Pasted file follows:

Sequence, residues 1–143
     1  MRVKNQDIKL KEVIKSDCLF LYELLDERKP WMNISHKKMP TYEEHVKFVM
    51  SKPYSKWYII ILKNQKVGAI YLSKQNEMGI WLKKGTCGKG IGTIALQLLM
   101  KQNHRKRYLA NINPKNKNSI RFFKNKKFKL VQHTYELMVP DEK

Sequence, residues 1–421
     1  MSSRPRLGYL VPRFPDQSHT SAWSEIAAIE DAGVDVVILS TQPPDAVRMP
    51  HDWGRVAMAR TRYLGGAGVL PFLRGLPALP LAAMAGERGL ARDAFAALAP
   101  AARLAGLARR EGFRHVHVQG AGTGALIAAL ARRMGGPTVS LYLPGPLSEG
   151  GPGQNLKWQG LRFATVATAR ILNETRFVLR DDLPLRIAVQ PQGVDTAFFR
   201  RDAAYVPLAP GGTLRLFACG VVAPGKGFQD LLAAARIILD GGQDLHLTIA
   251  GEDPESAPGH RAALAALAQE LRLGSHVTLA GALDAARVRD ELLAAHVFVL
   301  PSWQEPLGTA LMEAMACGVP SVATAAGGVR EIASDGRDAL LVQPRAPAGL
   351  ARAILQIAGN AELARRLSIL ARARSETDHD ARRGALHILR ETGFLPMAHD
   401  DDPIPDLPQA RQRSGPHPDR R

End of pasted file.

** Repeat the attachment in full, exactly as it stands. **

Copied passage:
Sequence, residues 1–143
     1  MRVKNQDIKL KEVIKSDCLF LYELLDERKP WMNISHKKMP TYEEHVKFVM
    51  SKPYSKWYII ILKNQKVGAI YLSKQNEMGI WLKKGTCGKG IGTIALQLLM
   101  KQNHRKRYLA NINPKNKNSI RFFKNKKFKL VQHTYELMVP DEK

Sequence, residues 1–421
     1  MSSRPRLGYL VPRFPDQSHT SAWSEIAAIE DAGVDVVILS TQPPDAVRMP
    51  HDWGRVAMAR TRYLGGAGVL PFLRGLPALP LAAMAGERGL ARDAFAALAP
   101  AARLAGLARR EGFRHVHVQG AGTGALIAAL ARRMGGPTVS LYLPGPLSEG
   151  GPGQNLKWQG LRFATVATAR ILNETRFVLR DDLPLRIAVQ PQGVDTAFFR
   201  RDAAYVPLAP GGTLRLFACG VVAPGKGFQD LLAAARIILD GGQDLHLTIA
   251  GEDPESAPGH RAALAALAQE LRLGSHVTLA GALDAARVRD ELLAAHVFVL
   301  PSWQEPLGTA LMEAMACGVP SVATAAGGVR EIASDGRDAL LVQPRAPAGL
   351  ARAILQIAGN AELARRLSIL ARARSETDHD ARRGALHILR ETGFLPMAHD
   401  DDPIPDLPQA RQRSGPHPDR R